Ebola outbreak indirectly increases deaths from malaria, HIV, TB
Recent findings published in Emerging Infectious Diseases showed that the 2014-2015 Ebola outbreak indirectly increased the number of deaths caused by malaria, HIV, and tuberculosis in Guinea, Liberia and Sierra Leone.
“Our results estimate that the 2014-2015 Ebola outbreak in West Africa has substantially impeded the fight against malaria, HIV/AIDS, and TB in the three countries most affected,” Martial L. Ndeffo-Mbah, PhD, MSc, research scientist in microbial diseases at the Yale School of Public Health, and colleagues wrote. “The deaths of several health care workers early in 2014, as well as the strain on health care facilities caused by increased numbers of patients and decreased staff, resulted in the closure of many clinics and the interruption of routine health delivery services, including HIV testing, childhood vaccinations, and maternity care.”
In West Africa, outpatient attendance dropped as low as 10% due to the fear of Ebola, the researchers wrote. As a result, patients with malaria, HIV or TB received less treatment, where yearly mortality rates without treatment are reported to be as high as 80% for severe malaria, 25% for HIV and 40% for TB.
To estimate the indirect consequences of the 2014-2015 Ebola outbreak in Guinea, Liberia and Sierra Leone, the researchers developed a computational simulation disease progression model for malaria and a computational simulation decision tree model for HIV and TB, using epidemiologic data from demographic health surveys conducted by WHO. In addition, the researchers only considered deaths for the highest risk groups for each disease: Malaria among children aged older than 5 years, HIV for people aged 15 to 49 years, and active TB among all age groups. For each disease, the researchers assumed that the Ebola outbreak led to a 50% decrease in treatment coverage.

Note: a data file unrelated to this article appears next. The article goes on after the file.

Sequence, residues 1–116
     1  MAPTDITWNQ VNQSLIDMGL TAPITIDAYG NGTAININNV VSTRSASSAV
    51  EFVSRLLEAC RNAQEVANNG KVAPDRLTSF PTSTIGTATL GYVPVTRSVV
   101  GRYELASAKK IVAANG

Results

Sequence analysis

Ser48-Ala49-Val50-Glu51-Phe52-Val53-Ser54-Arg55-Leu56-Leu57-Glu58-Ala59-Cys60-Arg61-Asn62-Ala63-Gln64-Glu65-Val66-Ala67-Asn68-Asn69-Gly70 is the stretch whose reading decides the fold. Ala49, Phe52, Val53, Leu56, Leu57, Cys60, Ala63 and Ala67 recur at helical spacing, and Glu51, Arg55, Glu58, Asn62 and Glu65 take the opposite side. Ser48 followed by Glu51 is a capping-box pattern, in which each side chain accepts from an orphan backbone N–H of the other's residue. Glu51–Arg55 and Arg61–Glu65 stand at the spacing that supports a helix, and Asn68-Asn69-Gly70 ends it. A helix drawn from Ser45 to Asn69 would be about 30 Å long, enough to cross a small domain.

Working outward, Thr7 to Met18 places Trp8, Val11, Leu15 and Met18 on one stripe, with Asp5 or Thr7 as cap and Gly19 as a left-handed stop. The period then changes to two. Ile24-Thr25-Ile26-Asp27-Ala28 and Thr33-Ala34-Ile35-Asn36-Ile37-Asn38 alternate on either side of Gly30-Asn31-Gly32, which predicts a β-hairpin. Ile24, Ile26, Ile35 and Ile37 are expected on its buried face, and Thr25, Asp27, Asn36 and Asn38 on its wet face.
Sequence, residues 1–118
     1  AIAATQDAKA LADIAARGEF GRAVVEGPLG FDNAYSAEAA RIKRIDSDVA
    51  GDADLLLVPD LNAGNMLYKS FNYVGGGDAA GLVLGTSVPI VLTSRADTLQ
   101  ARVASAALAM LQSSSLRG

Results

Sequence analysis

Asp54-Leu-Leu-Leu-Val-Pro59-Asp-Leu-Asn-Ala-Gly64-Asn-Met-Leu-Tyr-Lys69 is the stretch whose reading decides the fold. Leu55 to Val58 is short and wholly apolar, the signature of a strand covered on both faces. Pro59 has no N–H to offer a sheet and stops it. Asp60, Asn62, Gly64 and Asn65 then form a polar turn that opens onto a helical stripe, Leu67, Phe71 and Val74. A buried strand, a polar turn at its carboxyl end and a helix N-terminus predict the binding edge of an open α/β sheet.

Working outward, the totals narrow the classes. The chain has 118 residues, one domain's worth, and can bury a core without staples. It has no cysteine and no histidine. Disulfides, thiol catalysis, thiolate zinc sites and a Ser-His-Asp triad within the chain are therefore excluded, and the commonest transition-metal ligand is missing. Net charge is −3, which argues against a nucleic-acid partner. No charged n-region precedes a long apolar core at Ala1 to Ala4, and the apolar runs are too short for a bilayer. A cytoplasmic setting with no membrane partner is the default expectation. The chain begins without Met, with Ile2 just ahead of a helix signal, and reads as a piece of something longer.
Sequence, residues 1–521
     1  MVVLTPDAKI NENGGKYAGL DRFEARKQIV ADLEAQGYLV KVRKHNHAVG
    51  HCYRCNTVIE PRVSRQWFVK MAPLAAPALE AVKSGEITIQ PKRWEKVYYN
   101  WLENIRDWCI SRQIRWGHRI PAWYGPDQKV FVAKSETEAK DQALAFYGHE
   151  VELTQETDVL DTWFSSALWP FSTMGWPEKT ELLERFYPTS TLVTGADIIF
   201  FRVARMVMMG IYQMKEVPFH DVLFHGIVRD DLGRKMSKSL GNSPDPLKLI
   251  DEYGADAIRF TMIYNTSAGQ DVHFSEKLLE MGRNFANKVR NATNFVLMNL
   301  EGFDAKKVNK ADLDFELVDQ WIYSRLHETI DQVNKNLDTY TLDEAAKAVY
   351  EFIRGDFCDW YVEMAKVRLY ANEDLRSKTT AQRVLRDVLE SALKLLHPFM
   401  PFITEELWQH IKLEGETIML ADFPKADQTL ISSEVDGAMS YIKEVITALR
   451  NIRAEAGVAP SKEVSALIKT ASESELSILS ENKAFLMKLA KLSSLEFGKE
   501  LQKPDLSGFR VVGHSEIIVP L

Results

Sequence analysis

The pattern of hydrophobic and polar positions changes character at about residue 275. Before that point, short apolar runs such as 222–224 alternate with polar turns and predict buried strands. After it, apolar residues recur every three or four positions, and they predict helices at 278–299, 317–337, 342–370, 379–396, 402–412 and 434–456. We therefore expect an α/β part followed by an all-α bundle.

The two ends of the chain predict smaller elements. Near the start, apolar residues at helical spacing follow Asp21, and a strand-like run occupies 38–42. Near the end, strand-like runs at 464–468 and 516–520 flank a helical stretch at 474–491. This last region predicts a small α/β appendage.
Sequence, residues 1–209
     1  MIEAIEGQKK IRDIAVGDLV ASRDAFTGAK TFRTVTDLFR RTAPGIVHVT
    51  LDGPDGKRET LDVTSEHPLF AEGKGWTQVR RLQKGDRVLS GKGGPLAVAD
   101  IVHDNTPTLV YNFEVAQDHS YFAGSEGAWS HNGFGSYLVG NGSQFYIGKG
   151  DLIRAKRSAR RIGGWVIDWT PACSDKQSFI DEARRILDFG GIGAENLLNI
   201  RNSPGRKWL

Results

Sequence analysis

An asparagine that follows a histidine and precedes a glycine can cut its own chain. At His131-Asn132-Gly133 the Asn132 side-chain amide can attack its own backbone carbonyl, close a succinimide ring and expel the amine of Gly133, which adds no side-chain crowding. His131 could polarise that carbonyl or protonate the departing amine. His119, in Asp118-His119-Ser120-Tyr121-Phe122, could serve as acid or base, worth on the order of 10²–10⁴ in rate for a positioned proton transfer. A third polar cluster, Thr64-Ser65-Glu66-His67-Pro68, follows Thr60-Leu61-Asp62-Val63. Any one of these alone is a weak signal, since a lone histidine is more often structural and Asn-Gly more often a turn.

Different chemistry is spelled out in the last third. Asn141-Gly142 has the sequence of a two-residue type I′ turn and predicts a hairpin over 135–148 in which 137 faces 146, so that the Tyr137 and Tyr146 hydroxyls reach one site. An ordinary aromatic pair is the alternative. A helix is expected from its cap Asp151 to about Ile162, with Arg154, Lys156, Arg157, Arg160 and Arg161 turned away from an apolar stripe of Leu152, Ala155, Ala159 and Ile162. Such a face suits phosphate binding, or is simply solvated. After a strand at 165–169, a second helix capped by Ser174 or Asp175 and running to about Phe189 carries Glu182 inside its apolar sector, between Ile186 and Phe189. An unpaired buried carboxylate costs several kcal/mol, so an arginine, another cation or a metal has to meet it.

The researchers found that this reduction in access to care increased the deaths from malaria, HIV, and TB by 6,269 in Guinea, 1,535 in Liberia and 2,819 in Sierra Leone.
As little as a 15% decrease in treatment coverage would lead to more indirect than direct deaths from Ebola in Guinea, the researchers wrote. In addition, the Ebola outbreak mostly affected pediatric patients with malaria, with 4,275 deaths in Guinea, 788 in Liberia and 1,755 in Sierra Leone.
“The 2014-2015 Ebola outbreak was catastrophic in these countries, and its indirect impact of increasing the mortality rates of other diseases was also substantial,” the researchers wrote. “As the Ebola outbreak wanes, it is essential for control strategies to include a comprehensive approach not only to stem the spread of Ebola, provide care for medical complications of recovered case-patients, and offer support for affected families but also to address the extensive repercussions of the outbreak that will continue long after Ebola elimination.” – by Will Offit
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